Robert W. McChesney and John Nichols discuss their new book The Death and Life of American Journalism: The Media Revolution that Will Begin the World Again with NOW’s David Brancaccio “about the perils of a shrinking news media landscape, and their bold proposal to save journalism with government subsidies.”
They discuss the idea of providing citizens with vouchers with which individuals can then decide where to place their money. The 23-minute video is worth watching.
A preview of the book appeared earlier in the Nation, including these key passages:
Our founders never thought that freedom of the press would belong only to those who could afford a press. They would have been horrified at the notion that journalism should be regarded as the private preserve of the Rupert Murdochs and John Malones. The founders would not have entertained, let alone accepted, the current equation that seems to say that if rich people determine there is no good money to be made in the news, then society cannot have news.
Here is more:
The founders regarded the establishment of a press system, the Fourth Estate, as the first duty of the state. Jefferson and Madison devoted considerable energy to explaining the necessity of the press to a vibrant democracy. The government implemented extraordinary postal subsidies for the distribution of newspapers. It also instituted massive newspaper subsidies through printing contracts and the paid publication of government notices, all with the intent of expanding the number and variety of newspapers. When Tocqueville visited the United States in the 1830s he was struck by the quantity and quality of newspapers and periodicals compared with France, Canada and Britain. It was not an accident. It had little to do with “free markets.” It was the result of public policy.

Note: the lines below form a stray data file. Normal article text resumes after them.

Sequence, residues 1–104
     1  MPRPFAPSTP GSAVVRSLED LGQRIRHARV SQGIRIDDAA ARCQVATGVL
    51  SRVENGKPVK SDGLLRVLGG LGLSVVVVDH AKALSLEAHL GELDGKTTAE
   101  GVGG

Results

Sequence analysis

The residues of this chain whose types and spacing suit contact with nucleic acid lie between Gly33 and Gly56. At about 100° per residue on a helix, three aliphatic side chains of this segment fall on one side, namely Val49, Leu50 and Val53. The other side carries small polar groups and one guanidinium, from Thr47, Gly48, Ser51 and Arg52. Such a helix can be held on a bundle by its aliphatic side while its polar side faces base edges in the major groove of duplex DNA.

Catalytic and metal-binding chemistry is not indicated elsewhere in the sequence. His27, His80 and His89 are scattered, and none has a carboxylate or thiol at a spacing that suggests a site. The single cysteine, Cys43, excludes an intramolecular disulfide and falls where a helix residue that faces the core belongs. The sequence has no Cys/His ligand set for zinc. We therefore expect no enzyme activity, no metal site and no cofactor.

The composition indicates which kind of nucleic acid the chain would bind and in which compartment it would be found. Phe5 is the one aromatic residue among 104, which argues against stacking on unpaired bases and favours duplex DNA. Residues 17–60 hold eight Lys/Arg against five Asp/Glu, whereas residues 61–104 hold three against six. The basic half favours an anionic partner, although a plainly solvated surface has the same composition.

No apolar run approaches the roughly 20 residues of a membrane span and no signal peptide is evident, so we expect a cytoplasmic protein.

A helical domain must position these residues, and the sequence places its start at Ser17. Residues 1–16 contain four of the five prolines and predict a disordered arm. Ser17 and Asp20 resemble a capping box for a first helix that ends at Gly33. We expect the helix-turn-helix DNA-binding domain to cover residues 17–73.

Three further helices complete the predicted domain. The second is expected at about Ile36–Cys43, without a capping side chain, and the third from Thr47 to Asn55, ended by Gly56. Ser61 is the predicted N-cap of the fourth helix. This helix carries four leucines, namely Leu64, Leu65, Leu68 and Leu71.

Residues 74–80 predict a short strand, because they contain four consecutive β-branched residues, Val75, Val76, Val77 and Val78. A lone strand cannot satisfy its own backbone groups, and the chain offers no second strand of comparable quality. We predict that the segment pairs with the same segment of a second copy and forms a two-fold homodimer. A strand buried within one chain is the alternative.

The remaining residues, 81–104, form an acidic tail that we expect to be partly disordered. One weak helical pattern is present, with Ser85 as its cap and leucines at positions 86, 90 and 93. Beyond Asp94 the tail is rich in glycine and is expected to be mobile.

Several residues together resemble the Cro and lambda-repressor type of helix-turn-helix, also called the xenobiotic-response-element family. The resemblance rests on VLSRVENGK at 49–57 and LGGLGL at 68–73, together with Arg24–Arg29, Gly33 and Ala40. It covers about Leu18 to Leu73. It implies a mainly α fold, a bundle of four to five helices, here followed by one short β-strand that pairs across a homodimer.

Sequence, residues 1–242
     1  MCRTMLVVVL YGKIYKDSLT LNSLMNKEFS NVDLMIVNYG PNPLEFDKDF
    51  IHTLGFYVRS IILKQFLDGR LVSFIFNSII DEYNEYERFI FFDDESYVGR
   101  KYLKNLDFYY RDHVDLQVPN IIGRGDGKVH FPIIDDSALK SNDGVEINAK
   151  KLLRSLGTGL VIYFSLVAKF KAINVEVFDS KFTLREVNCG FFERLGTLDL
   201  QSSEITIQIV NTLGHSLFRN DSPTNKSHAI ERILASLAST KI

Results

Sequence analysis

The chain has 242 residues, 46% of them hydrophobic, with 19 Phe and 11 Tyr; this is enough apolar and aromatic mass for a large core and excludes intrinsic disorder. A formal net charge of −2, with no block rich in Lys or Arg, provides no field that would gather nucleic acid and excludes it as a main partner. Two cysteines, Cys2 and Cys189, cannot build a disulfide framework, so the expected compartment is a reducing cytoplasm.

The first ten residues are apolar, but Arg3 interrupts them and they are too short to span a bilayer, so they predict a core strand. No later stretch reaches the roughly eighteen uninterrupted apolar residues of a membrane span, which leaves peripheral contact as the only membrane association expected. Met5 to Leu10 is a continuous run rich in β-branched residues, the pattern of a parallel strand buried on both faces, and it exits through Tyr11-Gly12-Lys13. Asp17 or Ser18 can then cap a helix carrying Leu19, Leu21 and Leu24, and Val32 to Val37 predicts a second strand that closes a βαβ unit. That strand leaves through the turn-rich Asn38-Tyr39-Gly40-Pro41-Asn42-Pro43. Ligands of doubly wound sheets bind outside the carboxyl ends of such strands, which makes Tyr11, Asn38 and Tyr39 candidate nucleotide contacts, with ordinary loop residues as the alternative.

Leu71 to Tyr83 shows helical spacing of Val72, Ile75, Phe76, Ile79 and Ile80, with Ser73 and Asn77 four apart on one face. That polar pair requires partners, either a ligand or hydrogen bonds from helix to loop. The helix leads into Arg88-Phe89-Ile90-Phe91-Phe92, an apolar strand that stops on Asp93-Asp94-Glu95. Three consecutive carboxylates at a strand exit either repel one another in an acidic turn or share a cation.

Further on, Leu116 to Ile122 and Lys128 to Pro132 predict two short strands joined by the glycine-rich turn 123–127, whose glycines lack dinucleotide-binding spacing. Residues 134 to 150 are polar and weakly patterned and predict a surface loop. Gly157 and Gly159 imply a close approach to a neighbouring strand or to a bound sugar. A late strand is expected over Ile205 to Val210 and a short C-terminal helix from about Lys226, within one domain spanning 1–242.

Here is another piece of their argument which is worthy of deep thought for those of us, including me, who are deeply worried about government subsidizes of the news media:
But government support for the press is not merely a matter of history or legal interpretation. Complaints about a government role in fostering journalism invariably overlook the fact that our contemporary media system is anything but an independent “free market” institution. The government subsidies established by the founders did not end in the eighteenth–or even the nineteenth–century. Today the government doles out tens of billions of dollars in direct and indirect subsidies, including free and essentially permanent monopoly broadcast licenses, monopoly cable and satellite privileges, copyright protection and postal subsidies. (Indeed, this magazine has been working for the past few years with journals of the left and right to assure that those subsidies are available to all publications.) Because the subsidies mostly benefit the wealthy and powerful, they are rarely mentioned in the fictional account of an independent and feisty Fourth Estate. Both the rise and decline of commercial journalism can be attributed in part to government policies, which scrapped the regulations and ownership rules that had encouraged local broadcast journalism and allowed for lax regulation as well as tax deductions for advertising–policies that greatly increased news media revenues.